Amelia Inspires Hillary Swank to Fly
Actress who portrayed Earhart donates movie props to Ninety-Nines
By James Wynbrandt, for EAA.org
Pictured at the Amelia Q and A session at Essex County Airport, Caldwell, New Jersey (l to r): Author and Amelia Earhart expert Susan Butler; Amelia Earhart expert Elgen Long; Ninety-Nines President Susan Larson; actress Hillary Swank who played Amelia Earhart in the film; and director Mira Nair. The Lockheed Electra seen in the background was used in the film and is based near Atlanta, Georgia.
Amelia director Mira Nair (center)receives a signed copy of Earhart's book 20 Hours, 40 Minutes from Ninety-Nines President Susan Larson (left) as Hillary Swank (right) looks on.
October 18, 2009 — News Flash: Amelia Earhart has been found! Amelia, the Hollywood biopic opening October 23, discovers the heart and soul of the famed aviatrix behind the newsreel smile in a vibrant film portrait filled with thrilling flying sequences and historically accurate detail. To mark the upcoming release, two of the movie’s stars – Academy Award winner Hilary Swank and NC2072, a Lockheed Model 12 Electra used in the film - alighted at Essex County Airport (KCDW) in Caldwell, New Jersey, a week before the release, to donate memorabilia from the production to the Ninety-Nines, the women pilots’ organization Earhart and 98 other female pilots founded 80 years ago. At a question and answer session with reporters at the event, Swank talked about the flying lessons she took to prepare for her role.
“You can’t play Amelia Earhart and not learn how to fly, that would be wrong in every way,” Swank said, describing her 19 hours of flight training as a “euphoric” experience. “I wanted to get my pilot’s license, but for insurance purposes, they couldn’t let me fly by myself to do that, especially before filming the movie,”
Also on hand for the ceremony were Amelia’s director Mira Nair, authors Susan Butler and Elgen Long, whose books provide the historical foundation for the film, and Ninety-Nines president Susan Larson.
“I’m really looking forward to the women of the 21st century being inspired by this movie and moving into aviation and starting a whole new wonderful life for themselves,” Larson said. “Some will find a career, others will fly just for the fun of it, but they will all absolutely love this whole new life.”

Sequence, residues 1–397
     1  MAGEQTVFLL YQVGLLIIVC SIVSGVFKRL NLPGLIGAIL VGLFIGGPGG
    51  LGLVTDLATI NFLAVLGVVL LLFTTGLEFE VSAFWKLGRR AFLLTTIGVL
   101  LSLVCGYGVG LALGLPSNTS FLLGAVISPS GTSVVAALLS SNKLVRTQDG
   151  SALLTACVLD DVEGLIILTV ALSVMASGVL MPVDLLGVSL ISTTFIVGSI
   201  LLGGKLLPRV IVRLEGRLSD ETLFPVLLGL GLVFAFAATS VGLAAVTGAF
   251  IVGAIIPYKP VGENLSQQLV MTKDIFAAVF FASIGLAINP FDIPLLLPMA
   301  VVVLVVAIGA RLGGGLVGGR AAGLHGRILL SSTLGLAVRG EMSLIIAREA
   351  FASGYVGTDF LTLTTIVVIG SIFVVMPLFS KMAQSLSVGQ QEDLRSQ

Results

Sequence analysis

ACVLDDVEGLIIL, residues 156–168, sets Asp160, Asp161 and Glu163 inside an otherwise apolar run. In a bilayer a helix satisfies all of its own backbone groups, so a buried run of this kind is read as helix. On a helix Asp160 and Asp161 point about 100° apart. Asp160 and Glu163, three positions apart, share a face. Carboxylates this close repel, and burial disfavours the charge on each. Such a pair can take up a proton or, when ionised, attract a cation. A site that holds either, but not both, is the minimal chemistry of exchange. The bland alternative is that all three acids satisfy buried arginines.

Some two dozen members of the Ninety-Nines came from across the country and as far as Germany for the event. The costumes and props donated from the production will be featured during “Earhart Education Week” at the Amelia Earhart Birthplace Museum in Earhart’s home town of Atchison, Kansas, commencing on the movie’s release date.
The movie spans the last decade of Earhart’s life, from her rise to fame as a passenger on a transatlantic flight to her disappearance over the Pacific. Richard Gere co-stars as George Putnam, the public relations pioneer and later husband who promoted Earhart. The movie tracks her exploits in the air and on the ground, as Putnam shrewdly used her fame to raise money to fund her record setting flight attempts. General aviation pilots will be enthralled by the evocation of a time when aviators and private aviation epitomized the best of America’s aspirations.
Director Nair, who hails from a small village in India, said Earhart’s independence and adventurous spirit attracted her to the story. “She wrote the first pre-nup agreement,” Nair said, referring to the stipulation Earhart gave Putnam, spelling out the freedom she expected to retain, before finally agreeing to marry him.
Swank, who makes a very believable Amelia, said that now that the movie is completed, she hopes to continue learning to fly. “I like to see things through to the end, and I don’t want to just say, yeah, I flew,” Swank said. “I would like to get my license and continue to go up on my own.”